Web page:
Friday, June 12, 2015

Jeff Gursky and The Hidden World of WWI

Jeff Gursky, The Hidden World of WWI

Growing up, and long into adulthood as well, it seemed apparent to me that much more attention was paid to WWII, the battles, the outcome, the lingering historical influences on the shape of global politics and machinations, than WWI.  Tragic, really, to so discount the precursor to WWII.  Now that it's been a hundred years since the war to end all wars began, it is being revisited in a more meaningful way, and I'm glad.  We have to remember and examine our history, lest we, and you know how this phrase ends, repeat it.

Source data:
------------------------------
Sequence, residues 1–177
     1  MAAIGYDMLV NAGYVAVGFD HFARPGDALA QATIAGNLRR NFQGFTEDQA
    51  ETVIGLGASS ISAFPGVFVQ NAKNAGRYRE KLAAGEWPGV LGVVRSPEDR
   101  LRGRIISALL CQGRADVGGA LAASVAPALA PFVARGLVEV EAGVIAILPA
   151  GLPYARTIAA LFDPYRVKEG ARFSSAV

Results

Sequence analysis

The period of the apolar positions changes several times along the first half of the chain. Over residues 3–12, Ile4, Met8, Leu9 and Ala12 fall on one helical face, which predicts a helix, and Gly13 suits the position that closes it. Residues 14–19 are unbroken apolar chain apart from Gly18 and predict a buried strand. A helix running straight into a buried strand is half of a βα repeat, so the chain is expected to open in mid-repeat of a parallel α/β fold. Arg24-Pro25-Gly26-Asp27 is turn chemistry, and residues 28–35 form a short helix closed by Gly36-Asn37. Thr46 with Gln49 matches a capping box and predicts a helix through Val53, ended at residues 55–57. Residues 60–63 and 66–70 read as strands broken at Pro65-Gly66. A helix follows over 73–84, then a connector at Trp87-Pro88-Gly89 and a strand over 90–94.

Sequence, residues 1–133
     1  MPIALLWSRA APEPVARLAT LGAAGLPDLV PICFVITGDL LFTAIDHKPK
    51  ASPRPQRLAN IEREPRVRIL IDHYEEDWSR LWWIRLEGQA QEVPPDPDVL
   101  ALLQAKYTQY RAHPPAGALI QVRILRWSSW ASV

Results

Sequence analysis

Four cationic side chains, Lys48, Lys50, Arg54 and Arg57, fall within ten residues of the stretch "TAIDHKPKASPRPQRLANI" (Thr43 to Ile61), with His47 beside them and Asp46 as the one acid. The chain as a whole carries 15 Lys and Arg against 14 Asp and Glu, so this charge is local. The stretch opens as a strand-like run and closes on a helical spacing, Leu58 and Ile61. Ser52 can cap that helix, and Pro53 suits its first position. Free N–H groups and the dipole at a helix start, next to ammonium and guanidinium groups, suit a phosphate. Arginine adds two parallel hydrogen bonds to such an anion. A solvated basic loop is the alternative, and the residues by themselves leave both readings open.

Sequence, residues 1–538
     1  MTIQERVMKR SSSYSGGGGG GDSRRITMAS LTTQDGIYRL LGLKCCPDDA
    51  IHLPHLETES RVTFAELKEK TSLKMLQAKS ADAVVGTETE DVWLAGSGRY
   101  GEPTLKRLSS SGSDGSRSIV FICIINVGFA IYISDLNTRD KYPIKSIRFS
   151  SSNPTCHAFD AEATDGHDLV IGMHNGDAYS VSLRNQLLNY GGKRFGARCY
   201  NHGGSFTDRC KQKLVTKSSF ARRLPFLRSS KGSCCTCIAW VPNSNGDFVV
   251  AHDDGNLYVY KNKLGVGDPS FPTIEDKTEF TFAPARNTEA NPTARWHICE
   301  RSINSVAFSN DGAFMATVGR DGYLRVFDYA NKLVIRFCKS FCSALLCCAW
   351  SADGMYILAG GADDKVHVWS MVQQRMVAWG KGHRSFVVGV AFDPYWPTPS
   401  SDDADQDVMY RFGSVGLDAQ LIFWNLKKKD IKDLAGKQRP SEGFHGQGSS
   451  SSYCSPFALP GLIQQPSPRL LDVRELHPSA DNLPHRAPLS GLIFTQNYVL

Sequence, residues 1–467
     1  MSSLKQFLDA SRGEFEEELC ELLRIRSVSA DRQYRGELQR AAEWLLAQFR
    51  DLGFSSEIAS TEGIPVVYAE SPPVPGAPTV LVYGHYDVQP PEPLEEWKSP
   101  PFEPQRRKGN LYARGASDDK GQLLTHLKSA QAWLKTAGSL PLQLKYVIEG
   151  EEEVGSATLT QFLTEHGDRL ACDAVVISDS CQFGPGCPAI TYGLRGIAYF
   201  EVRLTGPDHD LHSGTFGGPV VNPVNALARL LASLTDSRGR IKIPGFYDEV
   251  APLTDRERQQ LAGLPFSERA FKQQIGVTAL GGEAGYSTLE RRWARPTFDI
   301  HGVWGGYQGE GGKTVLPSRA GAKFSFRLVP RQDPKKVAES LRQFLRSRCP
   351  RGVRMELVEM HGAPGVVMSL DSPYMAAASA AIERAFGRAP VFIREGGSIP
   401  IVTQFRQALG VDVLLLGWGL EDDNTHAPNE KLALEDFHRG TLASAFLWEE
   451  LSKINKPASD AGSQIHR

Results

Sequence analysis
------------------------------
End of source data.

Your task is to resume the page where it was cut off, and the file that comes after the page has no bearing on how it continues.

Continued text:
Doctor, artist, explorer (a self description per his website) Jeff Gursky  has rediscovered the "lost" tunnels of WWI in France and they remain much as how they were left a hundred years ago.  Like any space that harkens back to a time of conflict and massive loss of life, it's difficult to look at the photographs and not be overcome with a sense of wistful wishfulfillment that somehow we, as evolved creatures, are better than this.  I think that this is why we have a deep fondness for the ideal of time travel.  If only I could go back in time and save Lincoln, kill baby Hitler, stop the assassination of Archduke Ferdinand, throw a bucket of water on Joan of Arc...there are too many to list.  I know that I can't change the past, that we can only look upon it and learn, if only we'd learn.  Yes, if only we'd learn then maybe all of those deaths would mean something.  As it is, the most lasting thing that emerged from WWI was/is an ongoing collective existential crisis from which we cannot escape.

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